You’re not the Suffragettes

May 16, 2023

We need to think critically when looking back on activist history

The following post was written in conjunction with Jemima Elliott, and came about as the result of shared concerns over the continued uncritical idolisation of past movements by current climate activists and direct action groups. Yes, the suffragettes were hated in their time and are vital to our lives now, but we must also remember how many of those in the suffrage movement perpetuated systems of white supremacy, ableism and imperialism. 

They were not perfect, and neither are we, but we must strive to learn from their mistakes and do better. There is no place for injustice in justice movements.

On the frontlines

The Suffragettes were amongst those most impacted by the cause they were fighting for: Votes for Women. In contrast, the majority of climate groups in the UK and across the Global North are not led by those on the frontlines of the climate crisis (largely BIPOC in the Global South), with many groups actively ignoring their voices.

Votes for who?

In 1918, the first women in the UK won the vote… provided they were over 30 and met various ‘minimum property requirements’. This excluded many marginalised women, but the largely white and middle-class Women’s Social and Political Union disbanded and the movement lost steam. It wasn’t until 1928 that women won full equal suffrage to men.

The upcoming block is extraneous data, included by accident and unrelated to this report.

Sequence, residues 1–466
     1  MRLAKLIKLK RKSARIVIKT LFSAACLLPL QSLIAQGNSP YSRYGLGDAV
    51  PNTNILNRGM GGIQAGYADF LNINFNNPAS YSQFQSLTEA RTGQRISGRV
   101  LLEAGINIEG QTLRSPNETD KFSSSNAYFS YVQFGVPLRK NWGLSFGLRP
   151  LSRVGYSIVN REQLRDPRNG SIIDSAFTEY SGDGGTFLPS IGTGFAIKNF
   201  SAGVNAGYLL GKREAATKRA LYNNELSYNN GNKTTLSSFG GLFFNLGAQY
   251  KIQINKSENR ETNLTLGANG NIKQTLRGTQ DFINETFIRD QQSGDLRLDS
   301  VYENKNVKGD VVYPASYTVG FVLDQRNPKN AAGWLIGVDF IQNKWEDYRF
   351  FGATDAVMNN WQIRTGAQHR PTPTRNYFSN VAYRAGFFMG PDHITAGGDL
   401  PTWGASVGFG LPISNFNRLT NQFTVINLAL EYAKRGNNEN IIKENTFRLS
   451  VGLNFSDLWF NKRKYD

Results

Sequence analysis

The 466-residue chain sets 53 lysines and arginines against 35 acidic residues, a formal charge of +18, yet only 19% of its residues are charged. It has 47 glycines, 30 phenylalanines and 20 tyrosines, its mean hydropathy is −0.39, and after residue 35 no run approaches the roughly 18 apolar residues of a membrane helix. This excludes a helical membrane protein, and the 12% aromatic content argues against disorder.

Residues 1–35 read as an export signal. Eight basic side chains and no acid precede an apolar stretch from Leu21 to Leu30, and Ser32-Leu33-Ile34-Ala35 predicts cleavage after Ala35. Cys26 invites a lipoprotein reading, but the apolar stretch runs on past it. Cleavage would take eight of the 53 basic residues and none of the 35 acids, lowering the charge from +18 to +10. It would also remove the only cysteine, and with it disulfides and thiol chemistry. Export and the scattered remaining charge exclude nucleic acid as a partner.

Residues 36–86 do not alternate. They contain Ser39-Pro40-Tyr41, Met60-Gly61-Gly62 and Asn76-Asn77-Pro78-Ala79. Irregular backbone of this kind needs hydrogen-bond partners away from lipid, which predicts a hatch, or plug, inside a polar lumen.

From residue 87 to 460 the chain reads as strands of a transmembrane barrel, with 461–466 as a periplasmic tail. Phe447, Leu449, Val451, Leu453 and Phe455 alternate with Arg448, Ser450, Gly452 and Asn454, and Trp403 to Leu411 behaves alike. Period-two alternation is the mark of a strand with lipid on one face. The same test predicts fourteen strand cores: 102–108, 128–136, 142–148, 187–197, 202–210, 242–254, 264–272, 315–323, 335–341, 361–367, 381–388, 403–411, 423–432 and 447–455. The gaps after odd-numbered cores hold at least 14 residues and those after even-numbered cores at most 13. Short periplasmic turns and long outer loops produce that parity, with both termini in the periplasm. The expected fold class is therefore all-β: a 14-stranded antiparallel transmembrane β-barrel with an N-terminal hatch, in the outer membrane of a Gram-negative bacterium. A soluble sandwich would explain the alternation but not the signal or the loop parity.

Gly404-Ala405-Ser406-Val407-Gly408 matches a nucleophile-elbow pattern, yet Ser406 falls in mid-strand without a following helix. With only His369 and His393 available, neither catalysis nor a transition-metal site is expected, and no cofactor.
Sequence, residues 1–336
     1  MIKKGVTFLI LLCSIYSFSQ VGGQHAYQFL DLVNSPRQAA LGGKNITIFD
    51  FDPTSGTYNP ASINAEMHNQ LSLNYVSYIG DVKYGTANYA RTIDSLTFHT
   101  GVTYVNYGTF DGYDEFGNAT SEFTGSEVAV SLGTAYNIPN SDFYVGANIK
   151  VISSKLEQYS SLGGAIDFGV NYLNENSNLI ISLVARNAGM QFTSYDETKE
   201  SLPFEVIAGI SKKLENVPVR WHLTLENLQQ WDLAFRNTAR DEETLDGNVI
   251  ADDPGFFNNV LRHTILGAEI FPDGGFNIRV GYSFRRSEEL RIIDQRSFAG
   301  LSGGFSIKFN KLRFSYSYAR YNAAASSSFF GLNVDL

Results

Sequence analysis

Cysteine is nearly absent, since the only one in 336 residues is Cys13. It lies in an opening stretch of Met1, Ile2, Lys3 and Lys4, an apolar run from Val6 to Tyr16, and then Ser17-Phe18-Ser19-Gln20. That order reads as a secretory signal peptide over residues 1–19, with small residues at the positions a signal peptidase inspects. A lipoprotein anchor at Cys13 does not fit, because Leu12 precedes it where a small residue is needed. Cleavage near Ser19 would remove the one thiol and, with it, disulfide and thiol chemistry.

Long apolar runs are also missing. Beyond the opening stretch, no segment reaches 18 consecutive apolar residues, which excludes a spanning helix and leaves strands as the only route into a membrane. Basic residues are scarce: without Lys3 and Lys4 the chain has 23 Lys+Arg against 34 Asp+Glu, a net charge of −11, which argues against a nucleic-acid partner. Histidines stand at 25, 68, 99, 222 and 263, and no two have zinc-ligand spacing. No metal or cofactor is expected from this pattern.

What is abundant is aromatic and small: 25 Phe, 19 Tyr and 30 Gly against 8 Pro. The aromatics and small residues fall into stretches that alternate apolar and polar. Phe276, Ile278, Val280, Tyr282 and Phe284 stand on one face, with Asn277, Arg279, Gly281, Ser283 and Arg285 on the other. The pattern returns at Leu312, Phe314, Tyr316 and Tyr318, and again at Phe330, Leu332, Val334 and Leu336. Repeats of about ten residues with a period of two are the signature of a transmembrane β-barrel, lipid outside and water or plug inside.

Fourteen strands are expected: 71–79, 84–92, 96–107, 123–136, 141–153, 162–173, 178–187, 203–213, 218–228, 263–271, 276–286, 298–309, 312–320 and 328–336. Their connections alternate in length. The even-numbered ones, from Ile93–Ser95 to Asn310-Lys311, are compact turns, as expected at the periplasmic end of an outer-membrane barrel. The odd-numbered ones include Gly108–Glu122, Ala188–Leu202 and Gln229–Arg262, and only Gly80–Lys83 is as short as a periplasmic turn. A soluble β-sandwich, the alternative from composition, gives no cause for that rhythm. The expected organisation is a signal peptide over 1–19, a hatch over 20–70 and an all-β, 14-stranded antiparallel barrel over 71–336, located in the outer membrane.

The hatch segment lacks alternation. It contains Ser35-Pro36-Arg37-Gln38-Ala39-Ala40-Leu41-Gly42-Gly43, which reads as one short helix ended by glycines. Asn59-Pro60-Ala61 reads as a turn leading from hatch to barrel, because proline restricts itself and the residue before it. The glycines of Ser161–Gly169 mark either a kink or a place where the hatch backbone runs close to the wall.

‘Terfy’ Suffragettes

In comparing themselves to the suffragettes, climate direct action groups are in bad company. The colours and language utilised by many suffragettes has become increasingly analogous with transphobic ‘feminists’, who view themselves as political successors of the suffragettes. Sounds about right considering their fascism…

Suffragettes and Fascism

Racism and Fascism were rife in the suffrage movement. The British Union of Fascists, supporters of Hitler in his rise to power and notorious anti-semites, drew many key supporters and organisers from their ranks. Suffragette leader Emmeline Pankhurst also supported British Imperialism, and the promotion of eugenics.

Learning from the Past

The Suffragettes are undoubtedly a vital part of our history, but by idolising them uncritically we risk perpetuating the same systems of oppression they upheld. We must recognise the mistakes of past movements in order to learn from them – to centre the voices of those most marginalised and resist fascism in all its forms.